When it comes to proposals, you've got just one chance to impress a new client and ensure they hire you for the job, particularly when you're likely to be up against other freelancers, competing for the same work.
So with no room for sloppiness, how can you ensure your proposal is the best of the bunch and wins you that project? There are many ways to stand out from the crowd and be chosen for the job. Here are our top tips.
Do lots of research
If you've not bothered to do any homework before writing your proposal, it will be obvious. So research and research again. Find out the prospect client's strengths and weaknesses. Come up with original ideas that will help them improve and become a success.
Get a nice design
It's worth investing some cash into getting a graphic designer to design a template proposal that matches your branding. Something that you can edit and change yourself, and save as a PDF. It'll add that professional touch.
Keep things bespoke
Just because you've obtained a template design, it shouldn't mean you use a 'template' proposal where you tweak the copy to suit each new client vaguely. Treat each new proposal as a 'start from scratch'. The more effort you put in, the more chance you'll have of winning the work.
Leave your 'Introduction' until the end
Proposals aren't just about outlining the work involved; they're about selling yourself. But instead of beginning with some background on your business – focus instead on the client. Leave your company overview until the end. Only then can you talk about what you do and share your skills and expertise.
Create a 'Project Overview' or 'Executive Summary'
Once you've carried out your research, write a concise yet compelling 'project overview'. It's a chance to demonstrate your understanding of the project and your passion for helping them to achieve their goals. It should feature at the very start, and provide a summary of all the detail to follow.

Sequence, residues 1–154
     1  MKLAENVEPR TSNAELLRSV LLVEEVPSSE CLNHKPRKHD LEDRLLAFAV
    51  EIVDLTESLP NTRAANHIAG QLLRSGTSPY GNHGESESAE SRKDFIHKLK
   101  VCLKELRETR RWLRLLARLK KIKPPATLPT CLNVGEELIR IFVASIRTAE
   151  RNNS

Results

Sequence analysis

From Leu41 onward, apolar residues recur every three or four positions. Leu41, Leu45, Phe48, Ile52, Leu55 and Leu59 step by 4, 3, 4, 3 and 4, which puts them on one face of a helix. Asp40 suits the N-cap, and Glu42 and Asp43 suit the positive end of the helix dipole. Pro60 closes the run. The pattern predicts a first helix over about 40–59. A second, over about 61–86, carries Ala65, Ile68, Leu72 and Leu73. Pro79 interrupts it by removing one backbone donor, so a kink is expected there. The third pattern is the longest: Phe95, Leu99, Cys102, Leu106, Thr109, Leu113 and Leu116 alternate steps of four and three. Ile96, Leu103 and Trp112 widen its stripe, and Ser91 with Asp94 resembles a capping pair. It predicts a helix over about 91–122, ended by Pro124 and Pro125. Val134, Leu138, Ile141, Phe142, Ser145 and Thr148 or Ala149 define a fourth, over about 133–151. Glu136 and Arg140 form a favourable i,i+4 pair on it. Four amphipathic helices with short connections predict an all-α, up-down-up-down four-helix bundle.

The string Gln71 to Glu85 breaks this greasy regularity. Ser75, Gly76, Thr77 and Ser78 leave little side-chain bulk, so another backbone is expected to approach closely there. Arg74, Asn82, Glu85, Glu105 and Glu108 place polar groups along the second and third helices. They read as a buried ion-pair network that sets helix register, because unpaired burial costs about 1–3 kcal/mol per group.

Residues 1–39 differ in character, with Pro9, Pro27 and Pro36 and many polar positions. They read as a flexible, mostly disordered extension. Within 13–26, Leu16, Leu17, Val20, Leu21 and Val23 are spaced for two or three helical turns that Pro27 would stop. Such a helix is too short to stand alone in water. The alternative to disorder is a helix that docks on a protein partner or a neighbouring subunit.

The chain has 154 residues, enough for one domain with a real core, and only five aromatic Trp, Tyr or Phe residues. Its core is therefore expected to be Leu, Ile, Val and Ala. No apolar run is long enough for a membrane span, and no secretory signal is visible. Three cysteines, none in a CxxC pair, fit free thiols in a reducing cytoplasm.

Write 'Project Recommendations'
Be generous with your ideas. Show the client how innovative you are and how you're not afraid to get creative or stick your neck out. Suggest things that the client might not have considered. Be bold and show your expertise.
Keep copy conversational and easy to understand
Resist the temptation to write formal copy. Leave out any unnecessary jargon or 'business speak'. Write copy that lets your personality shine through. Using big fancy words isn't going to give you a better chance of winning – but keeping things clear, concise and friendly will.
Don't make promises you can't keep as it will only come back to haunt you. It means if you say you can do something but can't, it will only lead to unhappy clients in future. Manage expectations from the very beginning.
Leave the cost until last
Once you've had a chance to share your ideas and sell yourself, you can reveal how much things will cost. Write: "The cost will be £X. It includes all necessary work outlined in this proposal." Make it clear what's included, and you'll cover your ass should any additional costs crop up in future.
Include payment terms
It's worth mentioning your payment terms after you've revealed your price. And outlining that your proposal cost is only valid for a certain amount of time. Write something like: "Please note: All prices are exclusive of VAT. Price is valid for 30 days from the date shown on the first page of this document. Payment terms are based on our standard 30-day requirement."
To manage client expectations, outline how long you think the project will take and how much notice you'll need to go ahead. So write something like: "The project will take between four-six weeks to complete. We will require two week’s notice before work can begin. It's so we can schedule the work accordingly."
Don't forget the legal stuff
At the end of every proposal, make sure you include something like "© Copyright in this document is the property of [NAME OF YOUR BUSINESS]. Information and ideas in this proposal are provided in complete confidence to [CLIENT NAME] and may not be forwarded to any third party without our prior consent."
One final check
Check spelling, grammar and layout of text. Double-check. Check once more. And then save your document and leave it for a day. Give yourself some time to think about it, because you might have missed something. Once you're happy, email the proposal to the client as an attached PDF. Keep things relaxed and encourage the client to call or email if they have any further questions. Good luck!